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The top five things keeping bosses awake at night

As if you’re not busy and stressed enough as a boss, you don’t want to have so much on your mind you can’t sleep properly when bedtime comes around. These tips could help you get the best night’s sleep you’ve had in years.

1. How to manage your talent

Those in the top job clap their hands in delight when they come across good talent. Great staff can make all the difference to the business’ output. However, it’s not all smooth sailing and managing talent is one of the hardest jobs for a manager – even when you’re blessed with great people. Every team member is individual, each motivated by something different. Knowing the drivers of your team members means you’re one step closer to making managing easier.

To manage talent well, start with reassuring your people. Believe it or not, they need it and will respond well. Find out about your staff and recognise and reward achievements. Include your team where possible and keep them informed with what’s happening at the top level. Hear their views and really listen. Be firm, but fair. Always give your team members clear expectations of what’s required of them.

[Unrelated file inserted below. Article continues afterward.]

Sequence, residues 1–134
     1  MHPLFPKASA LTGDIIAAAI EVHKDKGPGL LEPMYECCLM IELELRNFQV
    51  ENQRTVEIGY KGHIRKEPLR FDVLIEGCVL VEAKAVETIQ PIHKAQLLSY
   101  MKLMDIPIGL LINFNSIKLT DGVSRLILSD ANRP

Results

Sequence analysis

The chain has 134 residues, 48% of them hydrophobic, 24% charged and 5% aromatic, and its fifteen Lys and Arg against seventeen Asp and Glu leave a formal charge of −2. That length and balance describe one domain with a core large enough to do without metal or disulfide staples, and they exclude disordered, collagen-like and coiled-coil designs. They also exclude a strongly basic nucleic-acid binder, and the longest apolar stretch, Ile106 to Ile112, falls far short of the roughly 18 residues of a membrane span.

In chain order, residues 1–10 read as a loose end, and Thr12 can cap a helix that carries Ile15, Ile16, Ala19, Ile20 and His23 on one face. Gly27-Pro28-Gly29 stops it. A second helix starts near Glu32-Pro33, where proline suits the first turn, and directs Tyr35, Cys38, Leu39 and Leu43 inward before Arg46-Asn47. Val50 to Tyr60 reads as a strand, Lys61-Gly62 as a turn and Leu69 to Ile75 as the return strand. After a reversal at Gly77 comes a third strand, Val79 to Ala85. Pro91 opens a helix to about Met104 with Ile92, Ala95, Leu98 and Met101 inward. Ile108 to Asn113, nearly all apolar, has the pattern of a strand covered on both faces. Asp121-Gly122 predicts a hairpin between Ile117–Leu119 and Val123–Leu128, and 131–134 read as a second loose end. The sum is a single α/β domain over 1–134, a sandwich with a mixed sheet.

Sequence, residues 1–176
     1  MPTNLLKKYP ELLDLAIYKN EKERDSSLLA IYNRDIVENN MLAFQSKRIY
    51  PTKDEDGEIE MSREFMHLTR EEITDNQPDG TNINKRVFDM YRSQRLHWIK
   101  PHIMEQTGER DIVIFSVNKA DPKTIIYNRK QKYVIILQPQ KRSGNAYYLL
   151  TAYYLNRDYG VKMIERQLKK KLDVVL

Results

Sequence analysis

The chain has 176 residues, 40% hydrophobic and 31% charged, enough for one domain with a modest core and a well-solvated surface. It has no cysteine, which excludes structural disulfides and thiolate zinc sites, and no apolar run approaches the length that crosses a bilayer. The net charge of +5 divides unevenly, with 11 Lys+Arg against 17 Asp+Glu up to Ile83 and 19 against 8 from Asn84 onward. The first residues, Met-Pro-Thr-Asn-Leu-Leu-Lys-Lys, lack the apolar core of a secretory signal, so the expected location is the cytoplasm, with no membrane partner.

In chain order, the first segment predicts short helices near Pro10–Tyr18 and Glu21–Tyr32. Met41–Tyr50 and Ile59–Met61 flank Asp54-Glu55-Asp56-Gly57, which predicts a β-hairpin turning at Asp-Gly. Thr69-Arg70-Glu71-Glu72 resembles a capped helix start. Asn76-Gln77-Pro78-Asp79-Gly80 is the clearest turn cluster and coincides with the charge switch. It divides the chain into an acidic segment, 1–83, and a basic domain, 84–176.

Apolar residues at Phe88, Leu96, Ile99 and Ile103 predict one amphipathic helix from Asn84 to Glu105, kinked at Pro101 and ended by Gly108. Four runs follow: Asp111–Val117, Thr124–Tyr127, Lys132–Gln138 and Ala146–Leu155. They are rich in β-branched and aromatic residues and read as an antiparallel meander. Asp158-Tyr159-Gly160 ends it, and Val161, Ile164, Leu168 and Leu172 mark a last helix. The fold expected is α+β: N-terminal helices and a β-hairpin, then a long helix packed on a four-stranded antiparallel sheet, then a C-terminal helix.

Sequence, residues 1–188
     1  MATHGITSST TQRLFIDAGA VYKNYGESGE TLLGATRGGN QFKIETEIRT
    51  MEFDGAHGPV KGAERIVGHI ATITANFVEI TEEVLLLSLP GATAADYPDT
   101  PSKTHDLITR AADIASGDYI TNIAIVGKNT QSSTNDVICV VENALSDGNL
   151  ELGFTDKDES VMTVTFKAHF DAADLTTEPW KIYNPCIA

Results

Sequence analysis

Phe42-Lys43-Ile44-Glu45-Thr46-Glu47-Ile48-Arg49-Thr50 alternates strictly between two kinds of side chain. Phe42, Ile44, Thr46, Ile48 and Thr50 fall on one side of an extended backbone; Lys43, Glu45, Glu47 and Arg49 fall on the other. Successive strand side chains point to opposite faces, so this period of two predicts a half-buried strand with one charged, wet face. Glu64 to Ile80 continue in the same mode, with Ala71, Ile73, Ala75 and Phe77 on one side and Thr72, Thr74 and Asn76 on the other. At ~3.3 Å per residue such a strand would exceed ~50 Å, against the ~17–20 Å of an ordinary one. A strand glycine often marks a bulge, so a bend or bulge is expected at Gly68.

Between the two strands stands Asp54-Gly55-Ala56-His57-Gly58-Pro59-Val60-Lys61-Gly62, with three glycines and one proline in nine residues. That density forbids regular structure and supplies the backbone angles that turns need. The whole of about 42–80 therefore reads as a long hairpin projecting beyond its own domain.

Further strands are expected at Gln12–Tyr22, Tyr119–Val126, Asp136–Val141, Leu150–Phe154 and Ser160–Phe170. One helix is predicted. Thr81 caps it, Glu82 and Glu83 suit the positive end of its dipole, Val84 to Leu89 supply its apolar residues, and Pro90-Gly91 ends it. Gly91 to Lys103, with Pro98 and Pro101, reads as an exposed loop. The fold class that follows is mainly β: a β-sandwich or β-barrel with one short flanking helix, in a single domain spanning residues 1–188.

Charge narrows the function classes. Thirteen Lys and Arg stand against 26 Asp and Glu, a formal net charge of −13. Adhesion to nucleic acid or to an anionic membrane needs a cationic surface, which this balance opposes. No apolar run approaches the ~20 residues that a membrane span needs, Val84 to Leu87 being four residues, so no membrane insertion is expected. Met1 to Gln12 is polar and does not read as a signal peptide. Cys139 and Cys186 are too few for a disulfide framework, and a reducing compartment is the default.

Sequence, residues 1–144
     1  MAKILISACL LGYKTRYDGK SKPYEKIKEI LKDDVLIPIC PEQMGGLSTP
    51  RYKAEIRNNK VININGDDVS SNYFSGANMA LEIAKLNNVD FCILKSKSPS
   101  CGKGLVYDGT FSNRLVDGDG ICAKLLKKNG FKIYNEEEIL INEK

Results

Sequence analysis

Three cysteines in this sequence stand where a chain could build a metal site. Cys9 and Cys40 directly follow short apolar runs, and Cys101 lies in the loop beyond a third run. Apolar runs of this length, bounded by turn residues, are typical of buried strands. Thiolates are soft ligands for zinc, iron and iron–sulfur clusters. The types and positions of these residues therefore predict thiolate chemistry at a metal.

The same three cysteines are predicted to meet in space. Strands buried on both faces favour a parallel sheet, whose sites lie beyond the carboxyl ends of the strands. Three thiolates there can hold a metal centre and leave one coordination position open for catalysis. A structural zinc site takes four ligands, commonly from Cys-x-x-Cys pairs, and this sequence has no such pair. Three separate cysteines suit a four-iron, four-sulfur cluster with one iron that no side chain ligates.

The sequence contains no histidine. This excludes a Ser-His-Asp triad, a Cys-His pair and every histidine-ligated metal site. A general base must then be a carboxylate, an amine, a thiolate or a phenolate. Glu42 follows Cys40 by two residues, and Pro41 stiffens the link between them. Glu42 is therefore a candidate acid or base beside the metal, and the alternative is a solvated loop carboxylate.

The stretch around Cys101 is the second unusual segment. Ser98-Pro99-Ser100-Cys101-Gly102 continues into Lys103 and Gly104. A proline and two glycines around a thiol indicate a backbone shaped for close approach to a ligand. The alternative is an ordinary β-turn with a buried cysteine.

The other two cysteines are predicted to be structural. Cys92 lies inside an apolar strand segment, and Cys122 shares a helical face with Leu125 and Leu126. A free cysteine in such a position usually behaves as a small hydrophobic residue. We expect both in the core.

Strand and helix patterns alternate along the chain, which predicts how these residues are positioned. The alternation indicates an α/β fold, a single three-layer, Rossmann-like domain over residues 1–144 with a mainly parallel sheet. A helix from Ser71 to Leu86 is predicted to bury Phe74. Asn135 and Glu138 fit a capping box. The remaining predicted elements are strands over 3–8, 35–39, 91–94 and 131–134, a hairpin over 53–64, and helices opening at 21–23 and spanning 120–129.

Seek their input. People like nothing than to contribute to a business; seeing their ideas put into action; having a deeper connection to the business is essential. I would propose the term ‘managing people’ is better put as ‘leading and developing people’.

2. How to develop leaders

Great leaders are committed to improving themselves. Anyone claiming to be an expert has more to learn. The trick to being a great leader is to never stop learning. Whether or not you consider yourself a leader, the fact is everyone leads themselves or others in some way, at some point.

Don’t try to guess what development people need – ask them what they think they need. Encourage your leaders to devise their own leadership development plan. Help steer direction by explaining what could use improvement and development but let your leaders write their own. Once the plan is written, the job’s not over. Make sure you take an interest and oversee that their learning has been embedded in their work.

3. How to be productive, profitable and happy at the same time

Many say a happy team makes for happy bottom line and it’s true. An engaged employee is enthusiastic and fully involved in their work. This means they automatically are acting in the interests of the organisation. Get your team to define what happy and engaged means to them. You might be surprised at the result.

In addition productivity and profitability need to be a conscious part of any team’s day-to-day planning. Goals and outcomes need to be top of mind to make sure your actions work toward meeting them.

Also consider and factor in family and personal interests. An unbalanced life leads to unbalanced people and unbalanced business results.

4. How to align your talent with your business vision